Flood-damaged buildings threatened by cold weather?


Four months after devastating floods hit much of the Czech Republic, the country still has its hands full recovering from the damage. With the winter having set in, those living in the flood-affected areas are waiting to see whether their buildings will survive the freezing temperatures. Dita Asiedu reports:

The stinking mud may have been cleared out and new furniture may have been bought but for many Czechs this is still no guarantee that the Christmas holidays will finally bring peace back into the flood-affected areas. Civil engineers around the country have done their rounds and given the green light to evacuated citizens to go back to their homes. But in most cases, the security of the re-opened buildings has not been fully confirmed. "We will know after the winter" is what many flood-affected citizens were told about the security of their homes. Civil engineer Cestmir Dobes explains:

"If the masonry is dry then there is no threat of damage but if it is soaked with water, when the parts inside the structure are full of water, then it is dangerous. The water could freeze and it would have the same effect as water that freezes in a bottle - the area widens and results in the structure cracking. However, in order for the base of the construction to freeze to dangerous levels the building has to have been constructed from cheap material. There is no threat of danger in Prague and other cities as most buildings are in good condition, well maintained, and monitored throughout the winter. If it doesn't get colder than in the last twenty years and the building is properly monitored, there is no threat of damage."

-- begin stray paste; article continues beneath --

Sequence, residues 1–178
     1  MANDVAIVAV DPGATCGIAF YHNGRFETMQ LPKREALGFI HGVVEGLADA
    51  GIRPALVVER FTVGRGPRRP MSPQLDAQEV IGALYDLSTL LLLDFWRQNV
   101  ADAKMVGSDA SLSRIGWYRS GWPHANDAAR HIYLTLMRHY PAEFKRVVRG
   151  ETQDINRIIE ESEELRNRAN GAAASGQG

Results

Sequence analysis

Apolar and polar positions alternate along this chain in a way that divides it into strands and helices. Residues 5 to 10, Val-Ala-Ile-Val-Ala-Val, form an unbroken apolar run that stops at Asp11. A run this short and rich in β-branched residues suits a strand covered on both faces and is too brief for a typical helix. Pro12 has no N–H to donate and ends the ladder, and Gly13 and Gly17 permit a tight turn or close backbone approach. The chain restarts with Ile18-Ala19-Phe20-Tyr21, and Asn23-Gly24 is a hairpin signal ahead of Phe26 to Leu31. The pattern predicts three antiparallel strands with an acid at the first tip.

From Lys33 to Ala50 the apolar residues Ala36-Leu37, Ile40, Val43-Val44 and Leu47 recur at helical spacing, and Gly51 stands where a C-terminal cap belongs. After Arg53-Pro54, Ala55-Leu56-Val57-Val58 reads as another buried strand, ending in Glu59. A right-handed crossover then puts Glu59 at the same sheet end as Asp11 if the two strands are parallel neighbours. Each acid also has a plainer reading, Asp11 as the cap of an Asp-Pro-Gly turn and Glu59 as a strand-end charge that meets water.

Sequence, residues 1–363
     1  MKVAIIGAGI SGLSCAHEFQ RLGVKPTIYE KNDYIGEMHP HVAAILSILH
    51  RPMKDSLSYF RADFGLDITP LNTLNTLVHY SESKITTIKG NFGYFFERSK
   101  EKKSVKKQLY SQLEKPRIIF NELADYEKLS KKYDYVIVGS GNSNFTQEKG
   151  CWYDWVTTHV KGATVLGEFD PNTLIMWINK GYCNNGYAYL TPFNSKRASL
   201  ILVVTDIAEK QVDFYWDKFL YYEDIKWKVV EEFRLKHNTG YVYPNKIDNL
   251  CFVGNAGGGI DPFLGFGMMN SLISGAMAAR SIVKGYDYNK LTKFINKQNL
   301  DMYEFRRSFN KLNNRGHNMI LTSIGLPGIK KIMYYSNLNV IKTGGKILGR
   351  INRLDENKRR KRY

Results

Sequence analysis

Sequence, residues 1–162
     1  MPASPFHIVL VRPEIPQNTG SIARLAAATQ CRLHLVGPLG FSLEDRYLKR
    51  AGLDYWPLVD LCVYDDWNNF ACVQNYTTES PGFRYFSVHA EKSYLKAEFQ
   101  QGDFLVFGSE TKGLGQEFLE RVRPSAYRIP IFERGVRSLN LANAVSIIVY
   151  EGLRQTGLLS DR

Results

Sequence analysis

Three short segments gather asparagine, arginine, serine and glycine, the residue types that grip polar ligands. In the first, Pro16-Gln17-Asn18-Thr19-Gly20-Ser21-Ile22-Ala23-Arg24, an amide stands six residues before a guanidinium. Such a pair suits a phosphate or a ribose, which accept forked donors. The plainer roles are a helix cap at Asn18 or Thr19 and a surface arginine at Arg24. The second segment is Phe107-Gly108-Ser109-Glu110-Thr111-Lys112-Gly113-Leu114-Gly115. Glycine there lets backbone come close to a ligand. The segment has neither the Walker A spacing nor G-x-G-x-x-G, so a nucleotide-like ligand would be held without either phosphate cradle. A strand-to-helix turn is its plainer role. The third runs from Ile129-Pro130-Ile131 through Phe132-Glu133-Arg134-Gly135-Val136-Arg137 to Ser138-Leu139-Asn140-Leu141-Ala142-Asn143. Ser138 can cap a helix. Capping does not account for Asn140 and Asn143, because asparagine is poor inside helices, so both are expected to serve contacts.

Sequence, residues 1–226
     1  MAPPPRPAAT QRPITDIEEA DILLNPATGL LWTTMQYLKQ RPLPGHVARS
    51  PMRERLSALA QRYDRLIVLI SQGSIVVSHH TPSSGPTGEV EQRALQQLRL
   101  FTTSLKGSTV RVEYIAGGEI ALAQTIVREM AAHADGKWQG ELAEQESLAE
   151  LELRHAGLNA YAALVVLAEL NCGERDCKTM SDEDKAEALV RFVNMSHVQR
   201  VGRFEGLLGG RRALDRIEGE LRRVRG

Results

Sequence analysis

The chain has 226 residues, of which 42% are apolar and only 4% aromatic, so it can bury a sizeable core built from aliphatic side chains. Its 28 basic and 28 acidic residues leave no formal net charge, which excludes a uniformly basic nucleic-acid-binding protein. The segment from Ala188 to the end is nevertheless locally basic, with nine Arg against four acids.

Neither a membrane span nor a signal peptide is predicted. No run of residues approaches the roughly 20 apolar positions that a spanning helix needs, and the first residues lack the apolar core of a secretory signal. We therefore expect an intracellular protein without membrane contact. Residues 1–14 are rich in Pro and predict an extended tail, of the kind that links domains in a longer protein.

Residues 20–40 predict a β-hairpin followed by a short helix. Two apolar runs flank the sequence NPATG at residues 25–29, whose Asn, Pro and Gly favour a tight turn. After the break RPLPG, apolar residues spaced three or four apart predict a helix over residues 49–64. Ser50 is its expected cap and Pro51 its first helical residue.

Despite the fact that dozens of buildings were damaged by the floods in Prague and several had to be torn down or cordoned off, Mr Dobes believes the buildings in Prague are secure. There are numerous civil engineers monitoring buildings and the only damage that can occur is cracks in facades or the peeling-off of the upper layers of structures. According to Mr Dobes, it is those in the countryside who have cause for worry:

"Now the situation is different for houses in the villages and countryside. Some do not have deep foundations and have been built from material that is easily soaked - such as adobe brick, hollow brick, breeze block. In such cases, there is little that can be done to save the building."

What makes it worse is that it can take several more months before Czechs who have moved back into their homes will find out that they have to move out again:

"It can be a year or two after the floods but that would be unlikely, it would be where sand was washed out from under the foundations. What is currently a serious threat is wood-damaging fungi. They live off wood and as long as they are on a dry area then nothing happens but if the building is soaked then the fungi will be able to spread from the basement and up to the timber work of the roof."